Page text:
Kevin Campbell’s donation will create two $100,000 scholarships named after his parents which will be called the John O. Campbell Endowed Scholarship and the Elizabeth Ann Campbell Endowed Scholarship. Campbell made the planned gift to commemorate what he described as the sacrifices his parents made to put him through college.

Campbell’s donation is a planned gift meaning the gift has not been officially received so students will not be able to use the money until it is received. The scholarship is also an endowed scholarship, meaning the money will be put into a spending account to generate interest.

“Mr. Campbell’s gift is being made as a planned gift, so scholarships cannot be awarded until the gift has been received and the endowment has time to generate interest for spending,” Jennifer Holland, director of development communications, said.

It is a general rule of thumb to allow at least one year for the gift amount to generate interest for awarding Holland said. Spending accounts usually generate about 4 percent interest annually; the interest generated will be what students receive through scholarships. The endowment will yield two $4,000 that could come as early as next year. Future UA students will be able to bear the fruit of Campbell’s gift.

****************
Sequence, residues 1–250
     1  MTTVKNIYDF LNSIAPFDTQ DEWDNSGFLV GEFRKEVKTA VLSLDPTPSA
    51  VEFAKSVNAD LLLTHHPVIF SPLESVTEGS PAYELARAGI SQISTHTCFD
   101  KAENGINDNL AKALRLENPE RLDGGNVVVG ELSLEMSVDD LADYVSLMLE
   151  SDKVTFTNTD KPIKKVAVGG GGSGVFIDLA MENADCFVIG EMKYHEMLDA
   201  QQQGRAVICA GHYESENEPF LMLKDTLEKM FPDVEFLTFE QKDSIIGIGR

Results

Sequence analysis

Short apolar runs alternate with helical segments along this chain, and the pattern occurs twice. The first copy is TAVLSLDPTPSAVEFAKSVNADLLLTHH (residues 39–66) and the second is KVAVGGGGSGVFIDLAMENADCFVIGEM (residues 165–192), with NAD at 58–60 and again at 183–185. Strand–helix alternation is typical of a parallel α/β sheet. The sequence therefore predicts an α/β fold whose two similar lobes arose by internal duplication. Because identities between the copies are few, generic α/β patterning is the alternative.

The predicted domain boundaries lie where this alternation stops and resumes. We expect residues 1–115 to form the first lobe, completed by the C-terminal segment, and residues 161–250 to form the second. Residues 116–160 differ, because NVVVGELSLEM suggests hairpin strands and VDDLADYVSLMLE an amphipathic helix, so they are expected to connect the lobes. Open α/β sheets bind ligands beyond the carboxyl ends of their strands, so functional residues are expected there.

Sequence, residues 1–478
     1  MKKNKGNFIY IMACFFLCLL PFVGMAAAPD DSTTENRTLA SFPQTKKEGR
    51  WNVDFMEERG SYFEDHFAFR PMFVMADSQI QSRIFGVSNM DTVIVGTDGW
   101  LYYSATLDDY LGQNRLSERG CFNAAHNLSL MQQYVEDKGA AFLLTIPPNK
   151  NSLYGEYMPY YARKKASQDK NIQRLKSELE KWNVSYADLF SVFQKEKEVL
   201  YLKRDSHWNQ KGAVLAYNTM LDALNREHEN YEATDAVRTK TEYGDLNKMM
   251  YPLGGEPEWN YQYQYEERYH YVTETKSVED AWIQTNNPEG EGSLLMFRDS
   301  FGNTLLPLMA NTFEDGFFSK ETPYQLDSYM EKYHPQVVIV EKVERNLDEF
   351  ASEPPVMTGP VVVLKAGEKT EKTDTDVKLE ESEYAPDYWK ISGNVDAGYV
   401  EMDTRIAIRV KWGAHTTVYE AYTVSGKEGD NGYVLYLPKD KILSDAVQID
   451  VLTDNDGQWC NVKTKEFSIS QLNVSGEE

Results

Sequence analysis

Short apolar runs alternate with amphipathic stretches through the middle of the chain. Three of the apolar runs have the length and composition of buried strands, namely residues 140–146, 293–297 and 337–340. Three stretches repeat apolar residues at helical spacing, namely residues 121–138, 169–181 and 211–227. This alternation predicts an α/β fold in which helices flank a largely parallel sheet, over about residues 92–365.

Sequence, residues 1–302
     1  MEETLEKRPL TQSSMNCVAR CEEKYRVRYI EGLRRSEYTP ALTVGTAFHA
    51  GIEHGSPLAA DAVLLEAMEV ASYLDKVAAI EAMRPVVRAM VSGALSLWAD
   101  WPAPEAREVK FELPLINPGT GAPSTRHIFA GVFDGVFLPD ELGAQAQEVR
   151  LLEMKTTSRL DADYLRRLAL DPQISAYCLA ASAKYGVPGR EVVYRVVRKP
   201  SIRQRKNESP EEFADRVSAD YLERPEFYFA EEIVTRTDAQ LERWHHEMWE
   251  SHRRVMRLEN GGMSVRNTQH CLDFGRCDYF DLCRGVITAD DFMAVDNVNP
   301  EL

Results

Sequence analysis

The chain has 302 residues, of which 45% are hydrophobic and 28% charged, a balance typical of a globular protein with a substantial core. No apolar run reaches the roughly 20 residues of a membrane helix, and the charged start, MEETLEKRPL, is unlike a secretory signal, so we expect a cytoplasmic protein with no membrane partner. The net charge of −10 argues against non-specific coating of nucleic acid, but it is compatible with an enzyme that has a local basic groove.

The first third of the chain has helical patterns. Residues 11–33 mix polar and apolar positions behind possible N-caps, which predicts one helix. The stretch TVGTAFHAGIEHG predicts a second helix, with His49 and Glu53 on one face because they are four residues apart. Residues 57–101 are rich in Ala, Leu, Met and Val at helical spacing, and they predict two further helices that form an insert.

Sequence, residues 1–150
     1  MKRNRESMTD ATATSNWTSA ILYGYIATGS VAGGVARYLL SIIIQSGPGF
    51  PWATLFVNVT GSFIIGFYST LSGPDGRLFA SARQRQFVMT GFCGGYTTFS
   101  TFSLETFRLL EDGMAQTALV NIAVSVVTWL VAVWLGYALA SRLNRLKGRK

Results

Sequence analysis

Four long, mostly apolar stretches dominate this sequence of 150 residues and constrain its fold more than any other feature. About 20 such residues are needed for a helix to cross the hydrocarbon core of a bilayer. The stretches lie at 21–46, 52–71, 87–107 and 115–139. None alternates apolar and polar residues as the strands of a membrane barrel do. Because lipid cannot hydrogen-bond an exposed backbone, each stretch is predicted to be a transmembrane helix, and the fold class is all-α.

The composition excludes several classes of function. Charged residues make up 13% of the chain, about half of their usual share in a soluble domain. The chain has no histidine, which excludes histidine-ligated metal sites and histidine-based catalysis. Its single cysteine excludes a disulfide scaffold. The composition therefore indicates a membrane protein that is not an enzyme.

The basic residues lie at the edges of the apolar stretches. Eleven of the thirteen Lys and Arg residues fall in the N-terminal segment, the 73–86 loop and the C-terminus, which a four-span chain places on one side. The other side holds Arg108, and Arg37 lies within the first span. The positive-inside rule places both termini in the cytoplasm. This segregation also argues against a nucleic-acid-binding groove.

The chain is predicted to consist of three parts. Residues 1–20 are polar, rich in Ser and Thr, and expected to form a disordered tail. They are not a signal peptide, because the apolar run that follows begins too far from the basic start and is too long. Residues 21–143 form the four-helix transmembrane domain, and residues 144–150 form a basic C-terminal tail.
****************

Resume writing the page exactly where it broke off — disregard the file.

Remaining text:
Search for UA School of Art Director underway

By Lindsey Guimont

The Razorback Reporter

The search for a director of the newly created UA School of Art is under way. At the same time, students and faculty are looking forward to the changes that a $120 million gift will bring to their former department.

“We formed a search committee and we are starting the process of looking for a new director, and I understand there is a lot of interest so we’re very confident that we’re going to get a strong and visionary director to lead us into the future,” said Lynn Jacobs, art history distinguished professor.